This statement shows that the general attitude of the collector towards music might play into the collecting strategies, too. There are only few live recordings in the pop part of the collection yet this aspect must be considered when exploring the classical part of the collection.
Visibility of Women´s Music today
Lont reports that women´s music was widely ignored by the music press. It was only mentioned in lesbian and gay publications. Even in the 1980s, when a second generation of lesbian artists like Tracy Chapman and k.d. lang became successful on the mainstream market, the beginning of their careers in the women´s music scene remained unmentioned in the music press (Lont 1992). How is this past represented today on the internet, on websites that are part of canon formation processes like Wikipedia and Discogs? On Discogs, most records of women’s music are offered for very little money. Even the ones that were only released in small editions. Rarity is one possible condition for high prices yet there must be a demand. For those records, there is none. Furthermore, there is no category (neither genre nor style) women’s music on Discogs. It seems like women’s music is not noticed as a genre and not being collected. Thus once again subject of othering leading to invisibility, as is the case of women-composers (Myers 1998, Pendle ( 2001). This may reflect a collector market that is dominated by the hetero male.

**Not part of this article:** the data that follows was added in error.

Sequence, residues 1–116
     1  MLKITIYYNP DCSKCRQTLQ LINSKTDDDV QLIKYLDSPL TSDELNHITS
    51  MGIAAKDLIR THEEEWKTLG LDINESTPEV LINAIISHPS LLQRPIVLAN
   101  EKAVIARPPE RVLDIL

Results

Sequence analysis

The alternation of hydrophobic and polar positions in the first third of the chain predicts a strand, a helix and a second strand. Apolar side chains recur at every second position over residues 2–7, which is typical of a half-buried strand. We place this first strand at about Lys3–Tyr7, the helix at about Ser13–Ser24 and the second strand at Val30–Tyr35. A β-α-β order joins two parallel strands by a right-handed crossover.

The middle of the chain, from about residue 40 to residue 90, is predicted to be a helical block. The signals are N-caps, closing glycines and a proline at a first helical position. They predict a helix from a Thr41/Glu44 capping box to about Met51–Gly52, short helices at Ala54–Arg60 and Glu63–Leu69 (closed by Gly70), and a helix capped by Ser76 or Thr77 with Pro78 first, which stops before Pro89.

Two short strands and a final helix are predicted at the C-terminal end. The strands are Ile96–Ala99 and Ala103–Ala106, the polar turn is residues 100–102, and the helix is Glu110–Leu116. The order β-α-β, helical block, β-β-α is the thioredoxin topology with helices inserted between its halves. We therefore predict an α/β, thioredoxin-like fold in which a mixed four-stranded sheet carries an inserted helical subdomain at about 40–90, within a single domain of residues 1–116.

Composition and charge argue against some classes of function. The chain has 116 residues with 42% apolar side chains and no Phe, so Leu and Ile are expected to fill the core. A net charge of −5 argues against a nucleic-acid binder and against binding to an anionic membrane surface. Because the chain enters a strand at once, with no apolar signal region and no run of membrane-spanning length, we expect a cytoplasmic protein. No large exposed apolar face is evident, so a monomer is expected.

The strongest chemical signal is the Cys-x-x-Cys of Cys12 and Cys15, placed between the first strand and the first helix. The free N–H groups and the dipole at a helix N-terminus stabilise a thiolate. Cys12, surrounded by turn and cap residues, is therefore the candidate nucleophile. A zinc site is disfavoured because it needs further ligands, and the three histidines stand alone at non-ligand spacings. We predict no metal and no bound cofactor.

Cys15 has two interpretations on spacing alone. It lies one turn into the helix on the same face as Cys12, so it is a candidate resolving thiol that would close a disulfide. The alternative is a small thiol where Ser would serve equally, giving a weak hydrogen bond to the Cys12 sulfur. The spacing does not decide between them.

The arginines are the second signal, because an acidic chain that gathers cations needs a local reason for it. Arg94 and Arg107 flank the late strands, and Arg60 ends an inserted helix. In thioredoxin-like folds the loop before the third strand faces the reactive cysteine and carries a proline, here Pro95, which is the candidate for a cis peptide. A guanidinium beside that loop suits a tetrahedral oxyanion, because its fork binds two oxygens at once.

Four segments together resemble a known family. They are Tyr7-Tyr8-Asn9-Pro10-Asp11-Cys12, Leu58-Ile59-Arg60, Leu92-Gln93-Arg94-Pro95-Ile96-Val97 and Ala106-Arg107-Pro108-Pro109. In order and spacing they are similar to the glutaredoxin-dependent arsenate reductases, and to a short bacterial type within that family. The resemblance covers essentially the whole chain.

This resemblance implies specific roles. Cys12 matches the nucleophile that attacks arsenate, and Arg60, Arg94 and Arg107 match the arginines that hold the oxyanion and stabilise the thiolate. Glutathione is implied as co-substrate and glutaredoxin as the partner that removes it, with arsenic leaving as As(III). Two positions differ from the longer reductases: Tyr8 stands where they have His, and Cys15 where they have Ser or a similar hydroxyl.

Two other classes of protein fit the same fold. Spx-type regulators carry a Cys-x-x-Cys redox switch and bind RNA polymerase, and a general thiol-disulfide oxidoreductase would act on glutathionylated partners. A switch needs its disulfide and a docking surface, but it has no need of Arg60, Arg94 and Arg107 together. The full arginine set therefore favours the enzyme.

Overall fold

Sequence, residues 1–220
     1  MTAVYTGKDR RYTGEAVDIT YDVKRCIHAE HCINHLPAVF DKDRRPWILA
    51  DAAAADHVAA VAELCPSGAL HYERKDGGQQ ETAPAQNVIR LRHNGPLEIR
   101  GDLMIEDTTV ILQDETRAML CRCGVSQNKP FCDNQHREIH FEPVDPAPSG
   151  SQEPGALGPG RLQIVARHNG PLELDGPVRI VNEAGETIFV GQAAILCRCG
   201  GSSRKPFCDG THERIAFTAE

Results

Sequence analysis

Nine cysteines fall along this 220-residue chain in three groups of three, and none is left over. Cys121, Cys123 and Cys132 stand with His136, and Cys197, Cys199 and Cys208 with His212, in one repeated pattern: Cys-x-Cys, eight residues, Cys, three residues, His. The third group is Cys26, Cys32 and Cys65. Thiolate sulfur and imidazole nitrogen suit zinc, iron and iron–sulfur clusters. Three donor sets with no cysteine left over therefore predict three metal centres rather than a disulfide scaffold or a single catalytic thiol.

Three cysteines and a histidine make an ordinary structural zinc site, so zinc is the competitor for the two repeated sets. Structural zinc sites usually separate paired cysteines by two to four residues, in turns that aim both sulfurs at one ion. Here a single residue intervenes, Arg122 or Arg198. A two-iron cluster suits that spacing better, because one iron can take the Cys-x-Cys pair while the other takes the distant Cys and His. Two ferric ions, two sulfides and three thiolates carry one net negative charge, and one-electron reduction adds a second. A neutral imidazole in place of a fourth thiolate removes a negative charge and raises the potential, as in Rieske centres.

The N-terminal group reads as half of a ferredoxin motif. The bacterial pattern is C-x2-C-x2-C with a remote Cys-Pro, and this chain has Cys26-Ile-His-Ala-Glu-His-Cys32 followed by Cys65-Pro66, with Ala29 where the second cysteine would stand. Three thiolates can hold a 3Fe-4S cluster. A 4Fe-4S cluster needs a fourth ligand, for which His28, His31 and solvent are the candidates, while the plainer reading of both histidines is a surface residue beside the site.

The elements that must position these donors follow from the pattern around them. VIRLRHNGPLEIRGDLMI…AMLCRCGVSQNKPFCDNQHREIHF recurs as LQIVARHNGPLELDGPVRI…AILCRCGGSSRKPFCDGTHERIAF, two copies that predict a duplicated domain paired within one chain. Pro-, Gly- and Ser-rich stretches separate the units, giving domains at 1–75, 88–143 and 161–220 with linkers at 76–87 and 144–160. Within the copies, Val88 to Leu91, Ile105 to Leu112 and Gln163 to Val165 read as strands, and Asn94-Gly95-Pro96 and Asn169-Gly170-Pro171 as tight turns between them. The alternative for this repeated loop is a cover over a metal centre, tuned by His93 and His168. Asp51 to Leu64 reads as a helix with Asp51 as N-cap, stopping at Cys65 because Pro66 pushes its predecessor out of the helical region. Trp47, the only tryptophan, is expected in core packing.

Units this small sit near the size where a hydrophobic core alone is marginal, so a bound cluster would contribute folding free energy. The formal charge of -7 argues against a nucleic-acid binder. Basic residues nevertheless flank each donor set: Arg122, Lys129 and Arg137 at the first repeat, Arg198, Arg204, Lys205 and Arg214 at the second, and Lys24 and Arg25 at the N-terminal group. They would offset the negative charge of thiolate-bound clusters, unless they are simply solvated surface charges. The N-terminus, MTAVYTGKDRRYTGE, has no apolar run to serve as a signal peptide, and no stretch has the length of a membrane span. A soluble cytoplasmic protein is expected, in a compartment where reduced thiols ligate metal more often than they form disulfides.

On the English Wikipedia site there is an article on women´s music. It defines women´s music as a genre linked to the second wave feminist movement and a music market that thrived in the 1970s and 1980s USA. The article links to some of the central musicians, too. But it is different the other way around: on Discogs and Wikipedia there are mostly only short entries about the female musicians. There is almost no mention if they transported feminist or lesbian content in their music. The lesbian / feminist part of this music history is only told on a few marginal websites dedicated to LGBTQ+ music history. Take as an example Mary Watkins: central as a musician and especially as a producer. The Wikipedia entry does not mention her role for women’s music at all. It is different with Cris Williamson: while Discogs features no information but links to her homepage and the Wikipedia entry, the Wikipedia article points out the context of women’s music.